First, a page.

Picturing the Art of Strategic Thinking
Picture this: You are at a movie theater and realize there are only three empty seats. One is in the front row, one is in the middle, and one is in the last row. Which seat should you choose? Is one location better than the others and if so, why?
It is amazing how many decisions a person needs to make to choose the seat that would best suit their needs. The fact that a military area of operations is called a theater is not lost with this analogy. Let’s explore the seats and identify why the lack of a strategic vision can impact one’s world.
If you sit in the front row of a movie theater, you can see the screen—and that is about all. Once the movie starts, it is as if you are in the action. The characters onscreen loom larger than life, almost forcing you to look at the screen and nowhere else.
In the middle seat, your perspective changes. Not only can you see the screen where all the action takes place, but you have a wider view of what is going on around you. You are able to see the exits. You are able to see other people in the theater, and you can see their reactions to the story portrayed on the screen. Their reactions might actually impact your interpretation of the film. However, you don’t see the big picture. You are not able to see or judge what is happening behind you unless you actually turn around.
A seat in the last row gives you the biggest picture of all. You can see the screen and all the action it contains. You can see all the exits. You can see everyone who enters and exits the theater. You don’t have to look behind you because there is nothing behind. By sitting in that last row, you gain strategic vision.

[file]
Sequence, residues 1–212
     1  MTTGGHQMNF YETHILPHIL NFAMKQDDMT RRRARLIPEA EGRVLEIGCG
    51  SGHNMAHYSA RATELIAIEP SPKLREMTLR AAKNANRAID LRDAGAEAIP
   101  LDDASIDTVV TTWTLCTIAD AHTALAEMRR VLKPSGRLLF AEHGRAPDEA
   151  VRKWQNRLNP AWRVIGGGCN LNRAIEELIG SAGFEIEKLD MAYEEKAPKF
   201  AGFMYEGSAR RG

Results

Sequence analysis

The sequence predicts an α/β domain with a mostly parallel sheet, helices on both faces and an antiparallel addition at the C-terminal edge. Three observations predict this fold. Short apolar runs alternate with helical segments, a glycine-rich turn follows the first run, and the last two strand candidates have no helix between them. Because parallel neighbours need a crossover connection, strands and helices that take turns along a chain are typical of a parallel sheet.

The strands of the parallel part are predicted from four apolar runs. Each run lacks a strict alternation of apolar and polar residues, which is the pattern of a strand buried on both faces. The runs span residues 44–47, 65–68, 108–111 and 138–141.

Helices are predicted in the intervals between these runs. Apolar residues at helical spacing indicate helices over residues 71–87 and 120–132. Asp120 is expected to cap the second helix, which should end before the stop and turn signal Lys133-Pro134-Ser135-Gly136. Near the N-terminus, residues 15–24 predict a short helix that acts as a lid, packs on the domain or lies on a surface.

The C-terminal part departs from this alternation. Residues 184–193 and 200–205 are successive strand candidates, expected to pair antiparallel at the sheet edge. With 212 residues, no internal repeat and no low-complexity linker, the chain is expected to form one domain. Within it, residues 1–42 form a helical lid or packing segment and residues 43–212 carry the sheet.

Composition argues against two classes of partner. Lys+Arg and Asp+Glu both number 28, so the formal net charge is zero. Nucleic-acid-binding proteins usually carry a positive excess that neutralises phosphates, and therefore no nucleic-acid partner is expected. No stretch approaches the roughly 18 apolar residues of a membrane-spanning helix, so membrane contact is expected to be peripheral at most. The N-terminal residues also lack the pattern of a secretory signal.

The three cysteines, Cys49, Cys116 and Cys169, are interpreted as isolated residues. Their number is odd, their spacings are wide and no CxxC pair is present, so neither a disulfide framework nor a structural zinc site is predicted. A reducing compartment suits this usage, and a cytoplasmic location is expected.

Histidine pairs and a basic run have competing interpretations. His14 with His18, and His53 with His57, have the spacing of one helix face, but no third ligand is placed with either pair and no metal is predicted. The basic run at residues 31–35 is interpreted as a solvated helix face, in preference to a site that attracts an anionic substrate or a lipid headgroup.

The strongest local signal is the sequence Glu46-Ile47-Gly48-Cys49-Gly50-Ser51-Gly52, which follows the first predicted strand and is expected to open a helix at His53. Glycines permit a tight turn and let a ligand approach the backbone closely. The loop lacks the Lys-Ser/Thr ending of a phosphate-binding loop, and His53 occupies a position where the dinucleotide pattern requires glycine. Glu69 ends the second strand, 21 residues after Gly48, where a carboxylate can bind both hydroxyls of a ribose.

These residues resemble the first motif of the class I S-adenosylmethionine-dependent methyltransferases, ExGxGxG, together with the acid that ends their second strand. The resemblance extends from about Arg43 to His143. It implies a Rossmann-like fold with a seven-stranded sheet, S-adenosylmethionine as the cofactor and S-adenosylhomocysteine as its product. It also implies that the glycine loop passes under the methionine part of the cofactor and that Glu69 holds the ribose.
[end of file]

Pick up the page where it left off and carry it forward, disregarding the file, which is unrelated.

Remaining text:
Strategic Thinking Defined
Strategic thinking is the act of pondering, analyzing and identifying the relationships among various components in a complex system. Strategic thinking enables people to develop effective plans. It helps prioritize and identify risks and potential opportunities and provides guidance for long-range planning.
Gen. David G. Perkins, in the Army Operating Concept “Winning in a Complex World,” laid out the strategy and concepts that must be explored in order to accomplish that goal. This strategy is a big-picture vision of where the U.S. Army must go to accomplish its mission. It is the epitome of strategic thinking.
Does sitting in the last row guarantee that you will see the big picture? No. You can be sitting all the way in the back and still focus your attention on only one thing. The strategic vision comes only if you choose to look at the whole theater.
How does one become a strategic thinker? Are strategic thinkers born, or are they developed? Is there a method in Army education and training that specifically addresses the skills and knowledge required to be an effective strategic thinker?
Move Away From the Action
Further back and further up. This concept tells the thinker/observer that in order to more completely understand circumstances, effort is needed to figuratively move away from the action to see it more in its entirety. One must realize that most problems are three-dimensional. The further-back portion looks at a problem within one dimension, but from multiple perspectives within that dimension. As a result, you must use the connected concept: further up. It is the deliberate, purposeful approach to look at problems at multiple levels.
This principle informs the thinker of the need to get the largest view as possible of an entire operation before proposing or implementing a solution to any given problem. Teaching people to step back and step up is a skill that can be taught in a schoolhouse. Interactive multimedia instruction is an educational strategy that can be used to teach this skill.